The Polestar 5 will be cut from a different cloth than its predecessors when it launches at the end of 2024. Polestar announced on Tuesday that its upcoming electric performance sedan will ride atop an entirely new, lightweight bonded aluminum platform rather, than the welded design used by the 1 and 2.
Because welding aluminum generally halves its yield strength, you end up having to use double the amount of material to achieve the same performance — which defeats the whole purpose of using the lightweight metal in the first place. Bonding aluminum parts together (ie affixing them with screws and adhesive), on the other hand, cuts down on the materials needed but at the cost of extended production times.
"The cycle time to cure the adhesive is comparatively long compared to a typical welding cell," Steve Swift, director of vehicle engineering at Polestar, told Engadget via email, adding "the strategy to control build consistency is very different to conventional construction methods."
In order to maintain the material advantages of using aluminum while minimizing the production penalties of bonding the pieces together, Polestar’s engineering team developed a faster manufacturing process that assembles the vehicle body and battery platform as one.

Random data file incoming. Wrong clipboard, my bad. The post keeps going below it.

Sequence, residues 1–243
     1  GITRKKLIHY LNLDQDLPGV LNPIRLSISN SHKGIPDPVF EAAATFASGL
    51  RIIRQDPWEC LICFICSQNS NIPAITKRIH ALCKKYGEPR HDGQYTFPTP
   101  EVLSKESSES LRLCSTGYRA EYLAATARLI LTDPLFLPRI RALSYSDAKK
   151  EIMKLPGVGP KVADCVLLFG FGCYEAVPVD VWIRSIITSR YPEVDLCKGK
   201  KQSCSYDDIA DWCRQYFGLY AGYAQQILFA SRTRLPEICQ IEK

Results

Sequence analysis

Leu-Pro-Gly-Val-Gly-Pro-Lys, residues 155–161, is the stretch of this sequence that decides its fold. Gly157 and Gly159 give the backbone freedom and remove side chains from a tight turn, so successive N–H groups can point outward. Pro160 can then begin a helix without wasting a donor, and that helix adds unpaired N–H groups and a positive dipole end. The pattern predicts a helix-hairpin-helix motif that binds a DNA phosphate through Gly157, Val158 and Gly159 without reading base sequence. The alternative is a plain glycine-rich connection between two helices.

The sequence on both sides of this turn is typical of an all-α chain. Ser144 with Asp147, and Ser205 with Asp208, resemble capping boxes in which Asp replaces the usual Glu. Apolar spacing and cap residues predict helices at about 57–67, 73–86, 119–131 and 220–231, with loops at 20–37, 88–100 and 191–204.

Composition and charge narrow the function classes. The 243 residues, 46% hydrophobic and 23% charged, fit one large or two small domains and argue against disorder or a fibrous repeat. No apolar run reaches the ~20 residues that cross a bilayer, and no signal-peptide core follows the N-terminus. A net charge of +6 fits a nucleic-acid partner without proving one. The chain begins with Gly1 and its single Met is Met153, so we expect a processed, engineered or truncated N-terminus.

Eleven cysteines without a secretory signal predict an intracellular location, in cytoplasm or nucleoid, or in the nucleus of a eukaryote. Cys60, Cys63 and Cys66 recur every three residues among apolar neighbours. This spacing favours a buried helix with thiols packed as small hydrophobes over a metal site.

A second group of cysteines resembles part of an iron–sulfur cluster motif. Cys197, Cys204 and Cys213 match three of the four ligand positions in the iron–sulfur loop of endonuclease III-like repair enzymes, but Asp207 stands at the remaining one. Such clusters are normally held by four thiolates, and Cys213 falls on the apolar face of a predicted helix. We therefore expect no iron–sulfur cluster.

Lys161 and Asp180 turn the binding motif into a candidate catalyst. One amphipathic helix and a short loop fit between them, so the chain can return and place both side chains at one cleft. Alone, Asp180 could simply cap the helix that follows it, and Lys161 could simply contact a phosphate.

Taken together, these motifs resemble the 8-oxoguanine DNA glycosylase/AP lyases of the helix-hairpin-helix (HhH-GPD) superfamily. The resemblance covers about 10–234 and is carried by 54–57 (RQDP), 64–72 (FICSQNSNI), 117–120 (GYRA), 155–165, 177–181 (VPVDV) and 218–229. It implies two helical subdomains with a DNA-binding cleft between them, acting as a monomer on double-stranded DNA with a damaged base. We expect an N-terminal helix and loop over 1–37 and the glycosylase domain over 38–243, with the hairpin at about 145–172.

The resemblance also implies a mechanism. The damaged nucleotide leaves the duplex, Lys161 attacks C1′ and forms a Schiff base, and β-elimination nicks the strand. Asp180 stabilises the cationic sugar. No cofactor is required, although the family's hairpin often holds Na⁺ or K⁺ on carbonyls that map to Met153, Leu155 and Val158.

"We were able to bake in the structural stiffness targets we need to meet our dynamic performance aspirations at the beginning of the project," Swifts said, explaining the benefits of a unibody construction process.
"As such, we will not have to make late modifications to the design to deliver on performance," he conceded. "With a conventional strategy, if the platform and body performance contributions are discovered to be unbalanced, a compromise or modification becomes necessary."
The design's time-saving design has already born results, enabling the company to produce and deliver an early series of prototypes, just 18 months after the start of development. Swift expects the process to reduce "the timing for some of the production tooling required," as well. What's more, Polestar noted that the 5 "is being designed with torsional rigidity superior to that of a traditional two-seat sports or supercar" in Tuesday's announcement and "is expected to weigh less than that of cars in smaller segments." This should translate into increased range and improved handling, since there is less vehicle mass to move around.
Though the technique cannot be retroactively applied to production of the Polestar 2, its success with the Polestar 5 could potentially lead to its implementation in future projects as well. "While nothing is in R&D just yet," Swift said, "we have been dreaming of the possibilities it offers."